9 edition of Economy of the Sacred in Hellenistic and Roman Asia Minor (Oxford Classical Monographs) found in the catalog.
February 22, 2003 by Oxford University Press, USA .
Written in English
|The Physical Object|
|Number of Pages||384|
Urban Economic Life. The founding of cities by Hellenistic and Roman rulers for military settling veterans and administrative purposes also stimulated economic activity in many ways cities had to be built and maintained, generated demand for agrarian produce, and became centers of manufacture and service provision. Some scholars have argued that early Christian communities in fact followed the organizational model of the collegia. Increasingly wealthy elites at both the local urban and imperial levels exercised a growing demand for all types of luxury goods.
Oxford Classical Monographs. It would be e. Undoubtedly and regrettably this is one more book produced with greater speed than its author probably considered desirable. Camp, John M. The description of the general characteristics of Hellenistic and Roman economic life here is broadly in the same vein.
A succinct overview. The advantage of this particular case is that we possess epigraphic evidence from various points in the Hellenistic and Roman eras. One of the most beautiful cities ever built, Rhodes had a profound influence on the Roman, and subsequent western, civilization. The Athenians like many others certainly in theory sought to separate civic and sacred monies, but they controlled both, so that analogies from Athens are dangerous. Broekaert, Wim.
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The translation shows some knowledge of Palestinian exegesis and the tradition of Halakhah the Oral Law ; but the rabbis themselves, noting that the translation diverged from the Hebrew text, apparently had ambivalent feelings about it, as is evidenced in their alternate praise and condemnation of it, as well as in their belief that another translation of the Scriptures into Greek was needed.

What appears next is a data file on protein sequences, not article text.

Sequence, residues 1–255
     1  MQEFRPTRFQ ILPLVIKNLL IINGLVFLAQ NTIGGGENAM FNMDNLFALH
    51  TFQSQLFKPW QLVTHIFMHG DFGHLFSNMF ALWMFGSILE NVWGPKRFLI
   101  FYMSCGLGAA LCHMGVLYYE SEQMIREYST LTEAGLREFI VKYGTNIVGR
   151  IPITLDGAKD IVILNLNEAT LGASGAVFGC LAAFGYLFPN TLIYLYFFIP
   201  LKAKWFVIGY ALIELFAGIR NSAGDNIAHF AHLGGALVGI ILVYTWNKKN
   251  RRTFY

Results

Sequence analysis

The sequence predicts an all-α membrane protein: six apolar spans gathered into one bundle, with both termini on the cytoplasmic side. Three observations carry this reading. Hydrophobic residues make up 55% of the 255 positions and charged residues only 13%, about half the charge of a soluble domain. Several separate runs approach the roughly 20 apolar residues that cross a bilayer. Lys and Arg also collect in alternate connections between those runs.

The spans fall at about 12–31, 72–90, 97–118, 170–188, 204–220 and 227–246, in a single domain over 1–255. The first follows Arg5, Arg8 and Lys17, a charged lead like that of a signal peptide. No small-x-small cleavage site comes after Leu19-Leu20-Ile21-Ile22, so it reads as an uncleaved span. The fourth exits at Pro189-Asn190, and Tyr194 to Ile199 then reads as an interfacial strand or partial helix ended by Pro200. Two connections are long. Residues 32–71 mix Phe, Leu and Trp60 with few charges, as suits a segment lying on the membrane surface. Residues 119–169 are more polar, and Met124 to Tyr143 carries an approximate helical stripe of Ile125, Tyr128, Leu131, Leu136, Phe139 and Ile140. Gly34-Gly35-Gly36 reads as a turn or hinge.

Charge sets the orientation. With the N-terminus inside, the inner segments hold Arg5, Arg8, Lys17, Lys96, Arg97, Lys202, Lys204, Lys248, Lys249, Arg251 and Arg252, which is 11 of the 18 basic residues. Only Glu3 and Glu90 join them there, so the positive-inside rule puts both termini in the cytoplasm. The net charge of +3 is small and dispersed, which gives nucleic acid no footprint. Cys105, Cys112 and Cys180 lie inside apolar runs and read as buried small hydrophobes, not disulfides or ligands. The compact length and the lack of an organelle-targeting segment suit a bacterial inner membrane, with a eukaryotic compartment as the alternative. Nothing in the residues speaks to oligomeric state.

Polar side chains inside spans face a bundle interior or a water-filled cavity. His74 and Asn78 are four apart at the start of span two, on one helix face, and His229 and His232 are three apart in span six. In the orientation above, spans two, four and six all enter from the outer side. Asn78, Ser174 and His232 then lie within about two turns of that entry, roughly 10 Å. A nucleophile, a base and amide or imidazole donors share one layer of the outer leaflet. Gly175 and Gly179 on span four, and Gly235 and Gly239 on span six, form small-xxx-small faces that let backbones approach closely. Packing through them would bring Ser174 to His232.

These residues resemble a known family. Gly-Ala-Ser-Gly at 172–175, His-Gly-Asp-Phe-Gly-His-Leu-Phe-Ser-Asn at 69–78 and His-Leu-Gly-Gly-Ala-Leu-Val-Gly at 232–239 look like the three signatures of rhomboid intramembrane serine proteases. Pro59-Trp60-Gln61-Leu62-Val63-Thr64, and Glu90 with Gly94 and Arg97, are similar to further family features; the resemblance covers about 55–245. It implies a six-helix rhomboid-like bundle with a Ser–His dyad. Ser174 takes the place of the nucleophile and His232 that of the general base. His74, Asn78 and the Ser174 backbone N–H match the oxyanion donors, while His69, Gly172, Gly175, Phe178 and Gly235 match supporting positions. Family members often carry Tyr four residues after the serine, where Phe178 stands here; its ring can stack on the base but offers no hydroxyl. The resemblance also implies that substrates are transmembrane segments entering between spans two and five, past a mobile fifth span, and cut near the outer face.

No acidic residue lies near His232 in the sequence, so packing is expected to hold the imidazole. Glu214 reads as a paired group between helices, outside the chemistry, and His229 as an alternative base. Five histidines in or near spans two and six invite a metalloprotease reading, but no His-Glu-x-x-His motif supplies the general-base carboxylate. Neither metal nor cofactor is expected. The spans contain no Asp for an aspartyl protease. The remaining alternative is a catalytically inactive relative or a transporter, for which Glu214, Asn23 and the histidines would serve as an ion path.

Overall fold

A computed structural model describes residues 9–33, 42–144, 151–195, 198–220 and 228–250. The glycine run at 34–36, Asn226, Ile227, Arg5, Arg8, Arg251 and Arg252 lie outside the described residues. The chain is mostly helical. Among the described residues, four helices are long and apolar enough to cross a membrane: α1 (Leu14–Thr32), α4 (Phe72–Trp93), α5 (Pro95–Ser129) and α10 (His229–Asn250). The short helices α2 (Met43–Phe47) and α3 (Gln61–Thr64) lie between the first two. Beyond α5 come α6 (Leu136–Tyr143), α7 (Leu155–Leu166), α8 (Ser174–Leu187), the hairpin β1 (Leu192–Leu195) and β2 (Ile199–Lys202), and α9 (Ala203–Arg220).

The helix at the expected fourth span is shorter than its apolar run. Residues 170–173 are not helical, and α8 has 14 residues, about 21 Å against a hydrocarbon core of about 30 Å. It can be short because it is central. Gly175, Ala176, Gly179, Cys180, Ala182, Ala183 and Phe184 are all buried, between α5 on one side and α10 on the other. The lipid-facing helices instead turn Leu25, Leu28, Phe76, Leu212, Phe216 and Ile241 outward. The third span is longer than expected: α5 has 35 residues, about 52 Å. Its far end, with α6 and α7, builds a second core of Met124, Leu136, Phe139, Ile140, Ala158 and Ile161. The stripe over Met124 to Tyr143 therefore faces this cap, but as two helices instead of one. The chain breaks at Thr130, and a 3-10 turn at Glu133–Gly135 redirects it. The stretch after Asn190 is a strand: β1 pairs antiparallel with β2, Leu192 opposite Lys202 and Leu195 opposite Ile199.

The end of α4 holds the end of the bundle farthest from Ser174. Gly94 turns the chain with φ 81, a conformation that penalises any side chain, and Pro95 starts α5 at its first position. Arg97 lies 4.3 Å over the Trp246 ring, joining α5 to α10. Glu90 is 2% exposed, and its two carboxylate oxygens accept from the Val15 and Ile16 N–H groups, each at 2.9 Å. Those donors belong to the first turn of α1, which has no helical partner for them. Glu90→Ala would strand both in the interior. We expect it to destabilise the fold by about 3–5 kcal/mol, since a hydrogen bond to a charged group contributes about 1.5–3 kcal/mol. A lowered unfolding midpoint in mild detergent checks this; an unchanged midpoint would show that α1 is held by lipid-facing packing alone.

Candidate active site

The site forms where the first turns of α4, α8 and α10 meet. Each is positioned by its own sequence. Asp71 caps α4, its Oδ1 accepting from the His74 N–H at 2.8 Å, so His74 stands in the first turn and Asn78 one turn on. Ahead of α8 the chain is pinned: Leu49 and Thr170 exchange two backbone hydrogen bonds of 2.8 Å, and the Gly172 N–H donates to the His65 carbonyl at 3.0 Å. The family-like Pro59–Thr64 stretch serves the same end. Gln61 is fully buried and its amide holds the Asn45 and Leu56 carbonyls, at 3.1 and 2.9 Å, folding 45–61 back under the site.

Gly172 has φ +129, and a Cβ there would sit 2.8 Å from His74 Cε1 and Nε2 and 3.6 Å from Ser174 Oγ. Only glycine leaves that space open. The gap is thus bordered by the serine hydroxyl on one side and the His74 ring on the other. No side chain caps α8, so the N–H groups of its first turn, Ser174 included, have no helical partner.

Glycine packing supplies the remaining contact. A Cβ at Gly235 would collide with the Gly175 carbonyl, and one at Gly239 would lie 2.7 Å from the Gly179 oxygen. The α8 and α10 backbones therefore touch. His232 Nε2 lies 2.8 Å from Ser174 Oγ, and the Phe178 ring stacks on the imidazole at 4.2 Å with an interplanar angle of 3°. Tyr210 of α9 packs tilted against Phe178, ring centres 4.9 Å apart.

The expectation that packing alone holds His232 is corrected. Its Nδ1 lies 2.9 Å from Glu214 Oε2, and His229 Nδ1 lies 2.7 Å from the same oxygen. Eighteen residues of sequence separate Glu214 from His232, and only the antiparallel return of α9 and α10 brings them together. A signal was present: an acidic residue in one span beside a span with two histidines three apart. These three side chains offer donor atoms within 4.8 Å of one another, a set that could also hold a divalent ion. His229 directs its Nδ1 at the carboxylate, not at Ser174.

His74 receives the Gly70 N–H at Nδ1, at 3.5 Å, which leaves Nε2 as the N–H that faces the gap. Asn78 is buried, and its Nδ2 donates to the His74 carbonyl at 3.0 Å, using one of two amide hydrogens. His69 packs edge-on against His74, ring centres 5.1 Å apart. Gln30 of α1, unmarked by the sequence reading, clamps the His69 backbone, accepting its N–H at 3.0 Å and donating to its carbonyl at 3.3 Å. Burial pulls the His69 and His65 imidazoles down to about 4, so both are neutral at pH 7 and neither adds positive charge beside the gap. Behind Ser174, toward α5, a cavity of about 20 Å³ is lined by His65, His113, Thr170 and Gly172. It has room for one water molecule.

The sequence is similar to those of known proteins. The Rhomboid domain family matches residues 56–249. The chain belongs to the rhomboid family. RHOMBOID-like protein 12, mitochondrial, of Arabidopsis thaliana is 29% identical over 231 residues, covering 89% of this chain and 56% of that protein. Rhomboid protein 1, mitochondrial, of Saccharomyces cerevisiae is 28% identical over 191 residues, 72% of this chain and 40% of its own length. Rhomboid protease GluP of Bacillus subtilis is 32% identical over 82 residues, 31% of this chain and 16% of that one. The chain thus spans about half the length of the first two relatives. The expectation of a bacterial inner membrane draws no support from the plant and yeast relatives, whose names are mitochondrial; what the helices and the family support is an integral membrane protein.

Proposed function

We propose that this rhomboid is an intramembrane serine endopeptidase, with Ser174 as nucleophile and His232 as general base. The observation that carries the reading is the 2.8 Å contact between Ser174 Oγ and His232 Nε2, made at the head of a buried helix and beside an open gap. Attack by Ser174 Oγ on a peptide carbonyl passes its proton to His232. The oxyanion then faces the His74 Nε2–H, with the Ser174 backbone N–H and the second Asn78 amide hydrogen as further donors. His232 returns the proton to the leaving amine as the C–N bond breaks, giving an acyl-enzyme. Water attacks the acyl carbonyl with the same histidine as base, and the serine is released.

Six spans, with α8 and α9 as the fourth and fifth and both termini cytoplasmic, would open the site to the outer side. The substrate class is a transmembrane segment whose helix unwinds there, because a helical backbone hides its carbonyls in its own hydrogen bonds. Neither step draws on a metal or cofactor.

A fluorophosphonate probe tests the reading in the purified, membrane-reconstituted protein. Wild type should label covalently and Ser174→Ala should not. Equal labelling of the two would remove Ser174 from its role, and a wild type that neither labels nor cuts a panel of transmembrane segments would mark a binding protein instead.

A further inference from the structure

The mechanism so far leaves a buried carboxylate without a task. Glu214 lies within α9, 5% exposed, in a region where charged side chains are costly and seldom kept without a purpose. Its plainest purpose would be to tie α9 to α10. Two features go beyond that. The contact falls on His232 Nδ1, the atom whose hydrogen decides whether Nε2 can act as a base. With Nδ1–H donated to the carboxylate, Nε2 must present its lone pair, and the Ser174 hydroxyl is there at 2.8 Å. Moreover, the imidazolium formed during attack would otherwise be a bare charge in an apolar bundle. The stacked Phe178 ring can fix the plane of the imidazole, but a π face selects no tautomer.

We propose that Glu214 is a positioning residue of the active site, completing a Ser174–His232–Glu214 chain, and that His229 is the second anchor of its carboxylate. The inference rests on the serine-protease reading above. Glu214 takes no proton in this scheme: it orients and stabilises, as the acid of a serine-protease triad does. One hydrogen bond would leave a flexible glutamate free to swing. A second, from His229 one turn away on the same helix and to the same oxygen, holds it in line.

In other words, some scholars including myself would emphasize the relative inadequacy of these categories for studying cultural life in antiquity. The temple of Onias, however, continued until it was closed by the Roman emperor Vespasian reigned 69—79 ce in Christian writers later similarly attacked the Jews for refusing to give up the Torah.
By the time of the early Roman Empire, much land seems to have been in the hands of very wealthy and romanized elites practicing commercial viticulture, olive growing, and stock raising for the urban markets. In the field of history, Demetrius near the end of the 3rd century bce wrote a work titled On the Kings in Judaea; perhaps intended to refute an anti-Semitic Egyptian priest and author, it shows considerable concern for chronology.